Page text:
There are two kinds of Judaism: Rabbinical and Biblical.
Rabbinical Judaism was birthed through rabbis and sages who spent hours into years interpreting the Torah and the Prophets so that the Jewish people would more fully obey the commandments of Adonai. This became known as halacha or the ‘walking out of the commandments.’ Though they meant well and their teachings are grounded in Torah, their purpose became distorted and their regulations became overwhelming. Few people, including them, could keep the ‘whole law’ that they created.
Eventually, they referred to all of the Feasts of the LORD as sabbaths which created confusion with the timing of Passover, Unleavened Bread and Firstfruits; they twisted the Abrahamic ‘sign’ of the covenant of faith, circumcision, into an entry requirement to join their religious system known as Judaism or the ‘traditions of the fathers.’
Once circumcised into Judaism, a person had to keep all the requirements of traditional rabbinical Judaism. They had to wash their hands a certain way, they couldn’t pick grain on the Sabbath, and they couldn’t touch an injured man on the road. Today, turning on lights or opening the refrigerator door is prohibited on the Sabbath because it’s considered ‘work.’
When God called forth the nation of Israel, created of a mixed multitude of Egyptians and Hebrews, at Mt. Sinai, He made them a priesthood of people. As His priesthood, they were to keep His commandments, His Torah. In this way they would be a ‘light to the nations’ (Isaiah 49:6). Because they have been faithful to protect the Torah throughout their generations, many Biblical commands began to look ‘Jewish.’ For example, Passover is not a Jewish holiday, but a Feast of Adonai; yet because of the Jews’ faithfulness to celebrate it, it is known as a Jewish feast.
Circumcision falls into the same category, however, Scripture states that Abraham was circumcised before there was an Israel or Jewish people. He was circumcised because of his faith and circumcision was a ‘sign’ of that faith. Because the Jewish people have been faithful to the ‘sign’ of the covenant of faith, circumcision has taken on a Jewish identity instead of a Biblically-faithful one.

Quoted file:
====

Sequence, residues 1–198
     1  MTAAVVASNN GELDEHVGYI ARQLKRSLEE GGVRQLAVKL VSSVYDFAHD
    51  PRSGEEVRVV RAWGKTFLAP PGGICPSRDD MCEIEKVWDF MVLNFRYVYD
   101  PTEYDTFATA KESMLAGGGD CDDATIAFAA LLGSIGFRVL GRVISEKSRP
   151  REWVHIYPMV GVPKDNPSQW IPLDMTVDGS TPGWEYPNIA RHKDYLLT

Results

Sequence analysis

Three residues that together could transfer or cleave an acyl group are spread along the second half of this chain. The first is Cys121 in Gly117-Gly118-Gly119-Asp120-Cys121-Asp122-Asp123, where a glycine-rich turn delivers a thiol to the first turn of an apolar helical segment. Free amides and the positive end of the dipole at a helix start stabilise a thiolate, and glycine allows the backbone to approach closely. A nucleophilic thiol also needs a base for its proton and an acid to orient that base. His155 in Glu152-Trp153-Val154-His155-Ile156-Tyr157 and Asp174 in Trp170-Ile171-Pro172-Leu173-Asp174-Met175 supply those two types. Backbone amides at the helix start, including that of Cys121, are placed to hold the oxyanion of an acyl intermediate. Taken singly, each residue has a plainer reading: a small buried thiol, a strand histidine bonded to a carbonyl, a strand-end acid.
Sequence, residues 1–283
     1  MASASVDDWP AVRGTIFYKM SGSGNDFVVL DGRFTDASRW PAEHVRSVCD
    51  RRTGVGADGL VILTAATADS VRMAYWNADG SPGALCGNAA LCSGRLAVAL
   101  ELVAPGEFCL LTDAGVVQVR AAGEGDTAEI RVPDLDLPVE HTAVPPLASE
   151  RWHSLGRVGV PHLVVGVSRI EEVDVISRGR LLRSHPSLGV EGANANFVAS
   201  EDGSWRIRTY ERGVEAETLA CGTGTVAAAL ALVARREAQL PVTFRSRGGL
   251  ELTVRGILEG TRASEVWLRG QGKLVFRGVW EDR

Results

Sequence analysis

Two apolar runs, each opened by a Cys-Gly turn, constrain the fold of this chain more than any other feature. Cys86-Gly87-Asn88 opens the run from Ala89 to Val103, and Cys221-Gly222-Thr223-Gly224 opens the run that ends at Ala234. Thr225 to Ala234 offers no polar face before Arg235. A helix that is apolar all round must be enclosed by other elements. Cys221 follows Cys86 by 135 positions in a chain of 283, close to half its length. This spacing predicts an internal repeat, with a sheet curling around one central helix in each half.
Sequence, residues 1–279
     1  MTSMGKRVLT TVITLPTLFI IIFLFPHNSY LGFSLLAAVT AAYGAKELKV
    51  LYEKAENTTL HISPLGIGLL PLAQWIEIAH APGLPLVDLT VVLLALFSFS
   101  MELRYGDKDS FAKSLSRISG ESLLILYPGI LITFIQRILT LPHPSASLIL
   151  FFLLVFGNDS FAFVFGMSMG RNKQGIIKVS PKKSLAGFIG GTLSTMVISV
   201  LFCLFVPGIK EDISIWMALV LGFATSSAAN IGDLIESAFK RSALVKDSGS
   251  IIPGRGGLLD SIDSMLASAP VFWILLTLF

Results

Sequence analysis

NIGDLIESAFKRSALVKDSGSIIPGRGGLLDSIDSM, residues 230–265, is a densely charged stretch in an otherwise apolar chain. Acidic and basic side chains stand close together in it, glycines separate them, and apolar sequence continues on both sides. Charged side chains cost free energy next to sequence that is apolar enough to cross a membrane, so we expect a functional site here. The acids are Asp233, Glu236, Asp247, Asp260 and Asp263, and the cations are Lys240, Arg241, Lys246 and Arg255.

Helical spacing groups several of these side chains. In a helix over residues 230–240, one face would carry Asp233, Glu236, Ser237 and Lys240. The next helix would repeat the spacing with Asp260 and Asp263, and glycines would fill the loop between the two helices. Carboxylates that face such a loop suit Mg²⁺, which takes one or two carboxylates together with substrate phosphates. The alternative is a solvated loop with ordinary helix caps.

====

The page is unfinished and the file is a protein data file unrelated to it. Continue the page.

Yeshua, the rabbi of all rabbis, had two messages for those promoting rabbinical Judaism. He called them a “brood of vipers” and “whitewashed tombs” (Matthew 12:34). Their rules and regulations were a ‘yoke’ that burdened everyone who took them on, including them. He told them they were not children of Abraham because they did not live the faith or works of Abraham; they were children of their father the devil (John 8:44).
Biblical Judaism could be defined as following Adonai’s commands as He wrote them and allowing His Spirit to direct how each of us walks them out in our lives. Of course, if non-Jews start keeping the Sabbath, according to the fourth commandment, we may appear ‘Jewish.’ If we eat meat according to the Levitical dietary outline given by Adonai, we will again appear ‘Jewish.’ Since our Messiah Yeshua is Jewish and kept the fourth commandment and ate Levitically, we will appear to be like him which should be the goal of our faith.
Yeshua taught ‘Biblical Judaism.’ He did not remove or destroy the Torah and Prophets, the Words of His Father. He came to live them out the way they were meant to be lived out: with love for Adonai and love for our neighbor. His ‘yoke,’ the ‘yoke’ of his Father is light and easy (Matthew 28:11-30). John, his disciple, understood his teachings and wrote that the “Torah is not burdensome” (1 John 5:3).
Yeshua became the embodiment of the Feasts of Adonai, fulfilling them on the correct days. He asked his Father to pour out His Spirit so that those who obeyed His commands would have the power to obey, to overcome sin in their lives, and be witnesses of him to the world. The only requirement to enter the Kingdom of Adonai is and always was faith in the ‘seed of the woman.’
Sha’ul taught that Yeshua brought down the dividing wall between Jew and non-Jew. That dividing wall was rabbinical Judaism and all of its rules and regulations. Unless one became Jewish through ‘circumcision,’ they could not join the Commonwealth of Israel and enjoy the promises and covenants given to Israel. Faith in Yeshua’s work through his death and resurrection created ‘one new man’ and brought unity between Jew and non-Jew. Through faith like Abraham and obedience to Adonai’s commands like Yeshua, the purpose of Biblical Judaism and the Jewish people being a ‘light to the nations,’ was brought to its culmination in the Messiah of Israel (Ephesians 2:13-22).
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